New research suggests that exceptionally stressful experiences early in life may have long-term consequences for a child’s learning, behavior, and both physical and mental health. Some types of “positive stress” in a child’s life—overcoming the challenges and frustrations of learning a new, difficult task, for instance—can be beneficial. Severe, uncontrollable, chronic adversity—what this report defines as “toxic stress”—on the other hand, can produce detrimental effects on developing brain architecture as well as on the chemical and physiological systems that help an individual adapt to stressful events. This has implications for many policy issues, including family and medical leave, child care quality and availability, mental health services, and family support programs. This report from the National Scientific Council on the Developing Child explains how significant adversity early in life can alter—in a lasting way—a child’s capacity to learn and to adapt to stressful situations, how sensitive and responsive caregiving can buffer the effects of such stress, and how policies could be shaped to minimize the disruptive impacts of toxic stress on young children.

Suggested citation: National Scientific Council on the Developing Child (2005). Excessive Stress Disrupts the Architecture of the Developing Brain: Working Paper No. 3. Retrieved from http://www.developingchild.harvard.edu

Download PDF >>

Strengthening Adult Capacities to Improve Child Outcomes: A New Strategy for Reducing Integenerational Poverty

Jack P. Shonkoff, Harvard University – Posted April 22, 2012

It’s clear that high-quality early childhood programs can make a measurable difference for children in poverty, but we must do more. Advances in neuroscience, molecular biology, and the behavioral sciences provide the evidence needed to build on best practices and to forge new ideas that can address the factors that contribute to intergenerational poverty. One promising path is to focus on fostering the skills in adults that allow them to be both better parents and better employees.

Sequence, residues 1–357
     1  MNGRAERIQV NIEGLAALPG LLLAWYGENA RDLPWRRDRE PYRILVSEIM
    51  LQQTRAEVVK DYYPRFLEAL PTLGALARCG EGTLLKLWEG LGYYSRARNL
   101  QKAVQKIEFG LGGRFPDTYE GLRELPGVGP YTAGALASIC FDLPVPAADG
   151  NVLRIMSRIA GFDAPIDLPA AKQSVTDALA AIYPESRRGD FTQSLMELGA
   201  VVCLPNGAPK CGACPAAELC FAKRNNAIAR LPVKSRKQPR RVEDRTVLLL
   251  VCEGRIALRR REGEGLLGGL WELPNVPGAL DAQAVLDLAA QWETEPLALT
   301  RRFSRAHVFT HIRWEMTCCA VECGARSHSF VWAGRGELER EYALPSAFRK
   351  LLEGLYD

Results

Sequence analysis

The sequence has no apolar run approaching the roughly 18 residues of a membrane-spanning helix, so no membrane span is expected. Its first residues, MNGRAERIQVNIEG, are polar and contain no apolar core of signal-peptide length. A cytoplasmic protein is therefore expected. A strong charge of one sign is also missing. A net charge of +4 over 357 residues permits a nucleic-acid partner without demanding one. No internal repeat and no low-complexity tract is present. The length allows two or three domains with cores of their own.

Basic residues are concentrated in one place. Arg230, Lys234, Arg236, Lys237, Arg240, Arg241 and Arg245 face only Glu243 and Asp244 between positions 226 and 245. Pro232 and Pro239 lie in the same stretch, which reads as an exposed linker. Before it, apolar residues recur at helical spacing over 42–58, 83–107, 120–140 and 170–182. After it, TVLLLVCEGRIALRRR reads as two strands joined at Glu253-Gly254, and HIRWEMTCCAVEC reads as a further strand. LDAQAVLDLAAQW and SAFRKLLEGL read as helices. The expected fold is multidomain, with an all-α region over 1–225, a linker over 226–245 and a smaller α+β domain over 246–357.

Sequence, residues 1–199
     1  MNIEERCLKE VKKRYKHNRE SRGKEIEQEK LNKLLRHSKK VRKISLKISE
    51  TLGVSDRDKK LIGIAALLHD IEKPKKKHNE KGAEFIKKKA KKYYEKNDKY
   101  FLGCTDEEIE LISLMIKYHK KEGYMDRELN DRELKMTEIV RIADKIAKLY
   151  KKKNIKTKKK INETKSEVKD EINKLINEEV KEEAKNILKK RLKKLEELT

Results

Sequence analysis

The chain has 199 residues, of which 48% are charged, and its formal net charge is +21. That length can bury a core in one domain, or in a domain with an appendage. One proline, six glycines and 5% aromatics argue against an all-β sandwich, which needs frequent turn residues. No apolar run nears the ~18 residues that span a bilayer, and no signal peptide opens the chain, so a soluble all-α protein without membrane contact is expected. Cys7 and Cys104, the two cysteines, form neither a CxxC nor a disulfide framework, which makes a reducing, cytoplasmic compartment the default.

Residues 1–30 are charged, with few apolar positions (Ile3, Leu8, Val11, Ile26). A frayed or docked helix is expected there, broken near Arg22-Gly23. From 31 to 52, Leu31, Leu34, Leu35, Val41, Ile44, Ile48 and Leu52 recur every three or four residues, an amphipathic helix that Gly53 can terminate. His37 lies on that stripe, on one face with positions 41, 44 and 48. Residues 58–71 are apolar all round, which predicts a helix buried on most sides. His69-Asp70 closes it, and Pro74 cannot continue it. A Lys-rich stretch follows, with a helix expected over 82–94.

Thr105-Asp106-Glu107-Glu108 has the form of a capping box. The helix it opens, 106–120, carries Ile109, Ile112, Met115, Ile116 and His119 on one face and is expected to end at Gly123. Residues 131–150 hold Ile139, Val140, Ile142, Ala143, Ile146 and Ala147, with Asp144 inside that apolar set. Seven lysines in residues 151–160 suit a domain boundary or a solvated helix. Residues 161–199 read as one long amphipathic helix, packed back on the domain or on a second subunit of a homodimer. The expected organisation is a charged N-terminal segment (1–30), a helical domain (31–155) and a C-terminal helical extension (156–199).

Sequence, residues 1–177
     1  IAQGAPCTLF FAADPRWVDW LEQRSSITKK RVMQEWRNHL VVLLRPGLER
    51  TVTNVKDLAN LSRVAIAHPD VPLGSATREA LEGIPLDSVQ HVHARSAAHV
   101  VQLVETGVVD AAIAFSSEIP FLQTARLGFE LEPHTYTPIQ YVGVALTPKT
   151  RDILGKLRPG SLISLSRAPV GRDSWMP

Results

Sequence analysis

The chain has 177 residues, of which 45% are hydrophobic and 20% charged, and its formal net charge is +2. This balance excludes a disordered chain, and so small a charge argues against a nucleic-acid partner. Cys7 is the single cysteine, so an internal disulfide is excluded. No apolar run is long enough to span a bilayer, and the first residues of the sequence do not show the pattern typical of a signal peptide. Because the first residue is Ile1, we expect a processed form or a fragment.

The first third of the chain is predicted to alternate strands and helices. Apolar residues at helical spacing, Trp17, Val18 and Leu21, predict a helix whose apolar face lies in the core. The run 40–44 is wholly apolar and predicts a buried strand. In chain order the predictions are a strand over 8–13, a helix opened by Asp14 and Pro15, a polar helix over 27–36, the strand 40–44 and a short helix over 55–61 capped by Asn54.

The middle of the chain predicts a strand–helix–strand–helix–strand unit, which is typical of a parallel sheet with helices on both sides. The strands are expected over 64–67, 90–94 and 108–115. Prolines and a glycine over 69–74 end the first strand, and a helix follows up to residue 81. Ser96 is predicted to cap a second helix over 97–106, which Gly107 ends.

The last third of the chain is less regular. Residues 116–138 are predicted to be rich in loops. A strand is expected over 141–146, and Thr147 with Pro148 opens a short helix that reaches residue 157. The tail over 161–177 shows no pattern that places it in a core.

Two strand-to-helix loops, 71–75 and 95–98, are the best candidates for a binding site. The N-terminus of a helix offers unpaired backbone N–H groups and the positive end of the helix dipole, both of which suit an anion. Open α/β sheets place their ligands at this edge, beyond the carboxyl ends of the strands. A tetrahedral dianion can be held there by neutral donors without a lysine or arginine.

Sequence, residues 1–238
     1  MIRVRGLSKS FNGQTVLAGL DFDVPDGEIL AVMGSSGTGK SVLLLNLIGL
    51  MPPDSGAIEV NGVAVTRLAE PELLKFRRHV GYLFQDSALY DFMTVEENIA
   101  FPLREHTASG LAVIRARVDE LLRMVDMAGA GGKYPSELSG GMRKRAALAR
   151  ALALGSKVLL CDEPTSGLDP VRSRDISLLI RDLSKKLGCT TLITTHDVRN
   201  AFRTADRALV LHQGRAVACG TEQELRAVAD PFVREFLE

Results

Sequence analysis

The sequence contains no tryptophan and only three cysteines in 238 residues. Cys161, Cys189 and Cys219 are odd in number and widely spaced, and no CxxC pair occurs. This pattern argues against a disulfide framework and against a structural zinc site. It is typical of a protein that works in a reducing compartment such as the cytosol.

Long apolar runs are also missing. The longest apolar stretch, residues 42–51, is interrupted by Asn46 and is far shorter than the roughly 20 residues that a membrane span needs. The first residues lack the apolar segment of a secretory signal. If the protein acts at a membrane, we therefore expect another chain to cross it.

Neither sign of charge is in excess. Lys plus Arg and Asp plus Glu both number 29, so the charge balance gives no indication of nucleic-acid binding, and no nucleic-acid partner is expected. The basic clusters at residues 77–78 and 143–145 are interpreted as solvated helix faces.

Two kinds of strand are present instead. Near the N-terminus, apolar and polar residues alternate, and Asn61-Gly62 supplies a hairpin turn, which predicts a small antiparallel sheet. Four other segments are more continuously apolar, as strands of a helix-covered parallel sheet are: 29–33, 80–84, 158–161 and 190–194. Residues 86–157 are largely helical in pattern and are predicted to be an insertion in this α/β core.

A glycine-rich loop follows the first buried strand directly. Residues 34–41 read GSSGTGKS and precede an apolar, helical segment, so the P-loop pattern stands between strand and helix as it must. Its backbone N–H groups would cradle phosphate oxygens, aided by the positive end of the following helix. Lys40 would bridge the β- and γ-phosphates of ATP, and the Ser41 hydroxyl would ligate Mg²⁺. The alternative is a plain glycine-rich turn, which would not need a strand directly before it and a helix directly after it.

Science tells us that children who experience significant adversity without the buffering protection of supportive adults can suffer serious lifelong consequences. Such “toxic stress” in the early years can disrupt developing brain architecture and other maturing biological systems in a way that leads to poor outcomes in learning, behavior, and health. [snip] …[T]he goal is to prevent or mitigate the consequences of toxic stress by buffering young children from abuse or neglect, exposure to violence, parental mental illness or substance abuse, and other serious threats to their well-being.

Success in this area requires adults and communities to provide sufficient protection and supports that will help young children develop strong, adaptive capacities. Since many caregivers with limited education and low income have underdeveloped adaptive skills of their own, interventions that focus on adult capacity-building offer promising opportunities for greater impacts on children.

One area of development that appears to be particularly ripe for innovation is the domain of executive functioning. These skills include the ability to focus and sustain attention, set goals and make plans, follow rules, solve problems, monitor actions, delay gratification, and control impulses.[snip]

[ See more at: http://www.spotlightonpoverty.org/ExclusiveCommentary.aspx?id=7a0f1142-f33b-40b8-82eb-73306f86fb74#sthash.4XsuGXPI.dpuf ]

Stress reactivity and attachment security.

Gunnar MRBrodersen LNachmias MBuss KRigatuso J.


Institute of Child Development, University of Minnesota, Minneapolis 55455, USA.